There is a well‐known Country song that starts with the simple line ‘Sometimes it's hard to be a woman’. The song's refrain ‘Stand by your man’ is from a pre‐feminist era, but it recurred to me during the recent meeting on the career prospects of women in the life sciences (see this issue of EMBO reports, ). In fact, the problems that women often encounter in their careers are by no means unique to science, and many aspects of these difficulties are shared by young men. But there is a combination of events that makes it necessary to pay particular attention to the plight of women. Data from many sources show that the overall gender distribution in the life sciences starts with equal numbers at the level of the first degree, but that the percentage of women at each of the subsequent rungs in the career ladder diminishes. Eventually, it ends with a situation where only 10% or even less of the most senior positions in the life sciences are held by women. Nobody would argue that women scientists are less capable than men, so there is a challenge to understand how this situation arises and—more importantly—how to correct it.
The core question that must be asked in this context is, is the diminution of the presence of women in a particular career path due to decisions that they make or is it due to discrimination?
An obvious difference is that men do not have to consider the possibility of childbearing. Indeed, men can scan the future horizon and intuitively plot a career reasonably secure in the knowledge that they will be available for work almost without interruption. But women have neither this certainty, nor perhaps the opportunity to have a family at a point in their career other than when their scientific productivity is crucial. But the biological clock ticks on regardless. So, despite a balanced representation of women at the first degree level, at each subsequent step, there is a drop in the expected number of female applicants and often, a drop in the success of these applications. The former is mainly down to personal choice, but one should not assume that all decisions are made with enthusiasm. If the circumstances are right to start a family then the consequences may be that this decision is concomitant with interrupting a career. The sociological reasons behind that choice are complex and individual.
Some women, however, choose to leave science for reasons that are unrelated to family. Some of them find that the world of research is too dominated by ‘male’ values; aggressiveness, competitiveness, self‐promotion and an excessive focus on work are terms that become common in discussions on that aspect. It is obvious that such traits are neither completely negative nor confined to the Y chromosome, but some women leave because they cannot envisage themselves as happy in such an environment. They are not wrong to do so and many find rewarding and very useful positions in non‐research jobs linked to science.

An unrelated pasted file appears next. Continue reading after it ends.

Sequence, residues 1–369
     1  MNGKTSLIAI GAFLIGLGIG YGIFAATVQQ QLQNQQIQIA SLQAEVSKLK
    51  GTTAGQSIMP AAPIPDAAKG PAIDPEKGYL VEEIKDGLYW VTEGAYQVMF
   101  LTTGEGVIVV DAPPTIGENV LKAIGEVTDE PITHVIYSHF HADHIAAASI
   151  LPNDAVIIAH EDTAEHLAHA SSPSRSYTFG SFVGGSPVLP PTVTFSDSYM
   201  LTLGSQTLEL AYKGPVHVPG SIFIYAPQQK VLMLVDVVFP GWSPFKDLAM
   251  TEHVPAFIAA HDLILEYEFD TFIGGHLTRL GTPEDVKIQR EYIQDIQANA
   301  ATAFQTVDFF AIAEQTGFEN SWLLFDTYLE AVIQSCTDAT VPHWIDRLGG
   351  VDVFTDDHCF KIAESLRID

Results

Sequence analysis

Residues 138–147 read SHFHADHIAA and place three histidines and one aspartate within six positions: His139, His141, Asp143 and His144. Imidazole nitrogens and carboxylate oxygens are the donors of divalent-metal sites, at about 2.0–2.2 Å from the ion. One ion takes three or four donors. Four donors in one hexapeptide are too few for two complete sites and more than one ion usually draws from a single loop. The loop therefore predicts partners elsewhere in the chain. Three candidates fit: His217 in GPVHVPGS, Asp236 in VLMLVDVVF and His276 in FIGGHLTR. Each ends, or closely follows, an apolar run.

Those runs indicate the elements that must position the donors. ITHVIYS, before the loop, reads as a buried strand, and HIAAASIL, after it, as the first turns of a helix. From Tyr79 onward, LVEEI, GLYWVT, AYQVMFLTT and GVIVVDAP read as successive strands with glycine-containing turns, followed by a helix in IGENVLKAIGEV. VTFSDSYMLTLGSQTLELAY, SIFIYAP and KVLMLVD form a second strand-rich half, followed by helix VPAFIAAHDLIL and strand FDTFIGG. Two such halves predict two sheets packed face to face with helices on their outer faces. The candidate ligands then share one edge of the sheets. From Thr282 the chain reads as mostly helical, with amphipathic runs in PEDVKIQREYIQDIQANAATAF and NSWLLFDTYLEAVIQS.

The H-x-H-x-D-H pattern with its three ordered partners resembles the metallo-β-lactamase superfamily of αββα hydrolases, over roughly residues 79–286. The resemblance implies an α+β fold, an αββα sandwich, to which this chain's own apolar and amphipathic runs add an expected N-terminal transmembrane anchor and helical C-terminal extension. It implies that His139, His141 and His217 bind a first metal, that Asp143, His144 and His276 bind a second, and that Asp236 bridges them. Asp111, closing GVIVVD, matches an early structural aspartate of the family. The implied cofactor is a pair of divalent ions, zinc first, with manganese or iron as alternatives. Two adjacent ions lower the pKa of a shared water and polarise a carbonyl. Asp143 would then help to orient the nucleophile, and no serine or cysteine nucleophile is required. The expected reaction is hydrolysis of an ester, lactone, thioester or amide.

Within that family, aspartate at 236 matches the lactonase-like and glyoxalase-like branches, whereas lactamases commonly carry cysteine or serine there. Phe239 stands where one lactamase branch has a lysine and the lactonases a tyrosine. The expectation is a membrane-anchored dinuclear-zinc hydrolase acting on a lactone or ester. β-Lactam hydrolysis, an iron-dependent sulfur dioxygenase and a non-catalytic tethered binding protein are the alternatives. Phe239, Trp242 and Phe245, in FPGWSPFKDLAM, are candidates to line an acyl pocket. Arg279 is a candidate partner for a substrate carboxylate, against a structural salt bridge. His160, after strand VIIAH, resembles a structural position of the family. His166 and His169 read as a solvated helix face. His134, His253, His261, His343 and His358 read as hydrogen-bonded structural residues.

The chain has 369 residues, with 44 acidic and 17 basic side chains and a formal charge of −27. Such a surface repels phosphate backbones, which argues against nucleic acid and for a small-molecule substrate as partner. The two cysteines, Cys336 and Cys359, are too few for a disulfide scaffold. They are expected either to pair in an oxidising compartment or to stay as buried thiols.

Those who decide not to step off the carousel have then found themselves in a domain where some subtle forms of discrimination appear. The reality is that most of their colleagues are male, most leaders in the field are males, meetings are predominantly populated by males and high‐profile speakers generally are male. For some this is not a problem but for others it is either an irritant or even a challenge as the life style of a predominantly male environment is very different to that of a balanced or predominantly female one. The aspects in colleagues that are appreciated may be different and indeed the criteria for selecting candidates for positions may also reflect such subtle differences. Do PhD students need a ‘mothering’ type of support or a stern father figure to guide them? I have never heard during a job interview that a candidate should be rejected because he/she lacked the sympathetic spirit. I have often heard a candidate being talked up because he/she had a strong personality, which is often linked with leadership. Are not both types needed and is it not true that both can become successful leaders?
Apart from the fact that all should have equal opportunities, a further reason for us to reflect on these questions is because we are moving from a time when the supply of scientists was not a problem to one where it is. The needs, possibilities and benefits of research in the life sciences are expanding rapidly at a time when there is a trend among young people to choose not to start their careers in this area. Again, this is not restricted to women, but the subsequent fall‐off in the number of women in science adds an extra dimension to the problem. We have to ensure that more women see research as an attractive choice. The list of actions that we, who are in the system, can take is potentially long but is best drawn up by each of us in our own specific context. We should inform ourselves about the situation in our working environments and assess why there are too few women around the table when we meet. We should look at how to facilitate those with families by practical actions. We should be gender‐blind as we are colour‐blind. And we should not delay or delegate this task if we want to ensure that we really get the best minds engaged into the research that must be done in order to advance knowledge and society.
- Copyright © 2001 European Molecular Biology Organization